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A question that could also be “how do I avoid ending up in legal action like the present in the United States targeting Google for web scraping?”
A class action lawsuit was recently lodged against Google in the Northern District of California’s United States District Court.
The lawsuit pertains to claims of web scraping, encompassing both copyright and privacy concerns, which were allegedly used in the development of its AI tools, including Bard, Imagen, MusicLM, Duet AI, and Gemini.
Compared to the class actions targeting Open AI, this action appears to focus even more specifically on the fundamental problem associated with Generative AI tools.
The Artificial Intelligence Act is currently being negotiated between the European Parliament, the European Commission, and the Council of Ministers. Their goal is to finalise the wording of the Act by late 2023.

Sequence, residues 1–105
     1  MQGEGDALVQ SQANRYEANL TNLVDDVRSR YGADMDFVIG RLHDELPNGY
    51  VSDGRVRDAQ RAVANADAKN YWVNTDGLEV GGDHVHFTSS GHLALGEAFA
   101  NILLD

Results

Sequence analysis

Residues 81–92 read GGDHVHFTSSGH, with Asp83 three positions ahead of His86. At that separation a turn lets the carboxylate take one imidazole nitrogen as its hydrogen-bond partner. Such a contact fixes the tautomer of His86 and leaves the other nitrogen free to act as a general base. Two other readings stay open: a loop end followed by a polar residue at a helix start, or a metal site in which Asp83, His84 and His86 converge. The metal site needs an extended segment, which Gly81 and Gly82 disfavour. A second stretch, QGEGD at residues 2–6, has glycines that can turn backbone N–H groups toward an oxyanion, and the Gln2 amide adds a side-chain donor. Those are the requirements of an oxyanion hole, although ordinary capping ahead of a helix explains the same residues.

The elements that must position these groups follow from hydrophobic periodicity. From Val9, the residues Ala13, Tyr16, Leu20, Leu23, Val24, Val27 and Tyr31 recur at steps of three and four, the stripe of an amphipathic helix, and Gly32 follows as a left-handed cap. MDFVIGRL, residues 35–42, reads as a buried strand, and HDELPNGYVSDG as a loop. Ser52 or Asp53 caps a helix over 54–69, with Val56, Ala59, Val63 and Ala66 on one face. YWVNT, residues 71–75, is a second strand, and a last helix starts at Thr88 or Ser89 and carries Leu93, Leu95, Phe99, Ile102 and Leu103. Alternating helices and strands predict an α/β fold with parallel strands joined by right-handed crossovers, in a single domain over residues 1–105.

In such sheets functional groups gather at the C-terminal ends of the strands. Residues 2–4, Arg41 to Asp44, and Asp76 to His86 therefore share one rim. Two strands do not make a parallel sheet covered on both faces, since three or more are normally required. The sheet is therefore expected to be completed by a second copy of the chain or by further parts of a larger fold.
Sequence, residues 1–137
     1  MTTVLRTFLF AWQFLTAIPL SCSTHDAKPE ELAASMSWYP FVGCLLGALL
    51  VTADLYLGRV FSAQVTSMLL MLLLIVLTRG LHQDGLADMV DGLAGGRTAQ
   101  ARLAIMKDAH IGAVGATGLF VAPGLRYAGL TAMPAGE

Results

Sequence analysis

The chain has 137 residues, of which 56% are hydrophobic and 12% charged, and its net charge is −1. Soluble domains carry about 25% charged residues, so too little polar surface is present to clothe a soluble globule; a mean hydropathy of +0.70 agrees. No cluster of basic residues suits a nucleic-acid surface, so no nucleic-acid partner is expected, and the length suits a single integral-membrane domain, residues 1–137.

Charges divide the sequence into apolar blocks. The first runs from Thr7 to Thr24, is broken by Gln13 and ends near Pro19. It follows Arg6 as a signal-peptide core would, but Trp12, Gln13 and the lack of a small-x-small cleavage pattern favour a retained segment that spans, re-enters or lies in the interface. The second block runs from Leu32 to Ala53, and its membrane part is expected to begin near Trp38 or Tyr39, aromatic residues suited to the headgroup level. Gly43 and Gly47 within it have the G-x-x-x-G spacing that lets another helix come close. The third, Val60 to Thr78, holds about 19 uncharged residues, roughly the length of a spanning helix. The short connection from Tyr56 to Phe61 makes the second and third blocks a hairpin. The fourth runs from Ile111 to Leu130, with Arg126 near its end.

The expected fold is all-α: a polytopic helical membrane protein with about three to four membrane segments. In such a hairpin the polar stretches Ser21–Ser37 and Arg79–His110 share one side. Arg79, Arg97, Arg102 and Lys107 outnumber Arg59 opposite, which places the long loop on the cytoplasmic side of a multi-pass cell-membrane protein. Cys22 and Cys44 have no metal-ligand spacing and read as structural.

At this stage the Act is expected to cover a set of rules that will vary depending on the level of risk associated with a generative AI system. It is believed that these levels of risk could break down as:
Unacceptable risk (banned, with exceptions)
High risk (specific areas, must be registered in EU database – will be assessed before market)
Generative AI platforms like Bard will therefore need to meet transparency standards by explicitly stating it exists for the purpose of AI generation to prevent illegal content creation, and sharing summaries of copyrighted training data.
It is inevitable that legislation in the field of AI will continue to develop. However, until the EU’s upcoming regulation on artificial intelligence comes into force, we must make best use of the regulations and legal tools that already exist to help us safely navigate the many issues raised by the use of artificial intelligence.
In addition, there are some additional steps that you can take to minimise the risks posed by AI: